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Draftkings PGA - AT&T Byron Nelson Top Plays and Strategy

Updated: May 10, 2021

Welcome! I hope everybody enjoys this first ever PGA DFS writeup heading into AT&T Byron Nelson this Thursday. This is a strategic advice column and for that reason I will not waste time going over general course details –here is a link if you are interested in that information. This is primarily GPP advice, specifically with regards to DK pricing. With that said, a lot of what you will read below is applicable to strategy on both DK and FD.

General approach:

  • I am a firm believer in making some stands every week. Eating all the chalk is not advised, nor is fading all of it.

  • Prices are important, but not as important as ownership. Being unique is more important than being correct.

  • There are many ways to get the job done, player pool size is a matter of preference. Mine varies week to week.

  • Player groupings/restrictions are essential within my strategic approach to PGA DFS, not just for NBA, NHL, NFL, LoL, and other DFS competitions.


I am guessing this is a regularly ignored tool for people that participate in PGA DFS. This may sound a bit oxymoronic as my personal views on this week are a bit different from my standard approach, but I will still pose the following hypothetical question: What are the chances that one of the most expensive players will be REQUIRED on the winning lineup? We could dive into the Vegas math, but let us save some time and trust that as expected, the answer is extremely likely. If any of those guys finish in the top three, or even top five, their probability of being required on the winning lineup is tremendous.

I recommend using either one or two groupings for the most expensive players, depending on how many bargain bin plays you are rolling the dice with on any given week.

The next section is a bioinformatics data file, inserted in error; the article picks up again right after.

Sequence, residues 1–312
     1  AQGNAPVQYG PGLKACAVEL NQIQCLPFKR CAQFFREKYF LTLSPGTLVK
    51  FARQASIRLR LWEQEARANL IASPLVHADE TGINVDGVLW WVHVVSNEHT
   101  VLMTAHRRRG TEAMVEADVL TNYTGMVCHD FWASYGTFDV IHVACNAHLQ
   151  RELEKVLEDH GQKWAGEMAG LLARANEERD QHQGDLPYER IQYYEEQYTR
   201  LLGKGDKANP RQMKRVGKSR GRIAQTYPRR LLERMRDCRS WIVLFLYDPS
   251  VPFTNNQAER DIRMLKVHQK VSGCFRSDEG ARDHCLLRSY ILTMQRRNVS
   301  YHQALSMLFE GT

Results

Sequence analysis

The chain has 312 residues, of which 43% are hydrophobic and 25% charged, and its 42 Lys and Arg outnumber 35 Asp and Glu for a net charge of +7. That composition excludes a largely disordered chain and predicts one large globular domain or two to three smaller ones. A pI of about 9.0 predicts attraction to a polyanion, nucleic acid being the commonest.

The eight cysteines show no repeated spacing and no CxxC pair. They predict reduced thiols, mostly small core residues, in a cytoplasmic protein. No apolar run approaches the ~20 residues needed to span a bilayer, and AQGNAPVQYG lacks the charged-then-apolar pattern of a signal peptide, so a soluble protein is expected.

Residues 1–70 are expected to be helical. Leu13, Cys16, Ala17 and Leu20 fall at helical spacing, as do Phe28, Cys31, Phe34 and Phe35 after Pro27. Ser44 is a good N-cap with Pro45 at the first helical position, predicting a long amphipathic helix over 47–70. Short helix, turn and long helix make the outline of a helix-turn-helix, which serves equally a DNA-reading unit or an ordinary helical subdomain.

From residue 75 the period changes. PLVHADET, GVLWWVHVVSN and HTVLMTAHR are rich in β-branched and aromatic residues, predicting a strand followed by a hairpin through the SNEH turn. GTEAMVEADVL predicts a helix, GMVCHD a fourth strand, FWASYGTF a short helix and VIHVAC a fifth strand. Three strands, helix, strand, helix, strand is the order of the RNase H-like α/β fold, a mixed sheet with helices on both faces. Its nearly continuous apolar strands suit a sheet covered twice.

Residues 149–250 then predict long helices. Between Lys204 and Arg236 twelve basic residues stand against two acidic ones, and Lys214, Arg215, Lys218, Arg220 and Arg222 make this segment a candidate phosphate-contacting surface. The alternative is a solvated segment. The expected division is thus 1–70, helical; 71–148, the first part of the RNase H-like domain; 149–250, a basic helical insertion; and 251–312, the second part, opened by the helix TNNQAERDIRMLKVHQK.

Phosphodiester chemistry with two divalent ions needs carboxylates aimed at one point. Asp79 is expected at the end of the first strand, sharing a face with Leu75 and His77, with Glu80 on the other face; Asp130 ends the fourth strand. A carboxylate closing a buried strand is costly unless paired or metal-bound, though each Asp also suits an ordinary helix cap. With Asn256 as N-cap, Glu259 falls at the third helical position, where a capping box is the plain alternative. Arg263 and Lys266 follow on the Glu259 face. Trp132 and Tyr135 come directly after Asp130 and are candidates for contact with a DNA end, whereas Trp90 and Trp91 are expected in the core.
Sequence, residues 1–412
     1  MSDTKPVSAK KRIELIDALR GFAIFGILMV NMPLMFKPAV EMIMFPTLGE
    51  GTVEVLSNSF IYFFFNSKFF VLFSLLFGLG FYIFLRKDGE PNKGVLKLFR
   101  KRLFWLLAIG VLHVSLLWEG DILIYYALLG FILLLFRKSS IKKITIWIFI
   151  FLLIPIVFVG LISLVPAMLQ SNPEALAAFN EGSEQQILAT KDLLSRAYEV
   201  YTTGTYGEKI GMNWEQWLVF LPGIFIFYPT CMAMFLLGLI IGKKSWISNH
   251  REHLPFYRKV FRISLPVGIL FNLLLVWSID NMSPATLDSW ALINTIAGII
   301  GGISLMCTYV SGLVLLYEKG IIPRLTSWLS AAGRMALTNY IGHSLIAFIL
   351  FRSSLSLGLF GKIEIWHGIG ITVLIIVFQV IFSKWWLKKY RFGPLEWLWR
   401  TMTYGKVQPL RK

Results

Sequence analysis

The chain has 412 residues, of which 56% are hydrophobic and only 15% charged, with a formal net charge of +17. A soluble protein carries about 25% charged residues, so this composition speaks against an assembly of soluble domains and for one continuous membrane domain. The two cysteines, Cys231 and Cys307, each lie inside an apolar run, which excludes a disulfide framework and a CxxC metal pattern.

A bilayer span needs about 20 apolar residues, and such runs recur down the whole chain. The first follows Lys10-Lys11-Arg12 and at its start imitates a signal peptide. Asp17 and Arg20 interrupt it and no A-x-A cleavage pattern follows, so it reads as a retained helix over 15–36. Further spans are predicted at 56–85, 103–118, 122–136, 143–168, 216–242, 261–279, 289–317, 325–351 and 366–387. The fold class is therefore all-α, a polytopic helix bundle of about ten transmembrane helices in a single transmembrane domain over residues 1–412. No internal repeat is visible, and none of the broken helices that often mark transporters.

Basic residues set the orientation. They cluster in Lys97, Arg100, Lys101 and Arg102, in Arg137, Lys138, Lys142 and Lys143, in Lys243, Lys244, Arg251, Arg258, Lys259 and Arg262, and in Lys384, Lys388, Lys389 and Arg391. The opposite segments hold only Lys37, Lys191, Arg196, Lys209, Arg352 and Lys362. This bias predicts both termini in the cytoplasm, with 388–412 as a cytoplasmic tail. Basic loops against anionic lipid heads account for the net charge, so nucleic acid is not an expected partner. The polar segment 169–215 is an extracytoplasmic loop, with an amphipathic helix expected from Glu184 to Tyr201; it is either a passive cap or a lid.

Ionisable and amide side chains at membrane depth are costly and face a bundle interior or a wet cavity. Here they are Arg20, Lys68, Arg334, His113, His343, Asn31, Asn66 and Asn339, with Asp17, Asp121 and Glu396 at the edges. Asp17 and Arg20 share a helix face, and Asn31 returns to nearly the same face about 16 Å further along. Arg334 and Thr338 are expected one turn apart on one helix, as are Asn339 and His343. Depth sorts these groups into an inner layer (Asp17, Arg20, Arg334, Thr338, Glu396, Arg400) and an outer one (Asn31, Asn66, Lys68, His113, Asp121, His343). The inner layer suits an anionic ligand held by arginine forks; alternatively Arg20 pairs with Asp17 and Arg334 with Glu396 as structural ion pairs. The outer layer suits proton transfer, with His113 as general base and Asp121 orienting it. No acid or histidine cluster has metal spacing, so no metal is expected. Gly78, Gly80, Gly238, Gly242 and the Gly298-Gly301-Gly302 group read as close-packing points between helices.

The first grouping – and sometimes the only expensive player grouping I use – would take the top 4-8 players, depending on salary, and create a grouping requirement that AT LEAST ONE of them is on every single lineup.

The second grouping – which I have been tinkering with more and more lately with varying success – would take the top 8-14 guys (including the players from the first group) and create a grouping requirement that AT LEAST TWO of them is on every single lineup.

I do NOT create groupings for the mid-range salary players. I want my lineups to be able to fall on different combinations of them since they are all quality players with similar upside and risk (and of course, salaries).

The third and final grouping – which is equally as important as the first grouping – would take the bottom 6-12 players and create a grouping requirement that AT MOST ONE of them is on every single lineup.

This is what has worked for me and with those I have already shared it with, I know it has worked for them as well. I hope it works for all of you if you do incorporate my suggested strategic approach within the fantasy cruncher re player salaries and groupings.

Moving along to the juicy stuff, let us review our player options this week at each salary point.


Dustin Johnson $11,400:

My take on all the super expensive guys is going to be somewhat contrarian this week, and it starts right at the top with DJ. Given the magnitude of next week’s tournament in Hawaii, I do not feel comfortable investing so much salary into a guy that is likely viewing this week as a tune up. Is he the best golfer in the world? Yes, probably – but I promise he cares more about next week than this week. It would not surprise me if he shot +5 on one of the first two days and -5 on the other, only to not make the cut and fly to Hawaii a few days early. There is of course the chance I am completely incorrect and DJ comes out firing because, well, he’s more than capable and if he’s actually motivated to win instead of just refine his game heading into the PGA Championship next week, he surely can win. I will be under the field this week on DJ.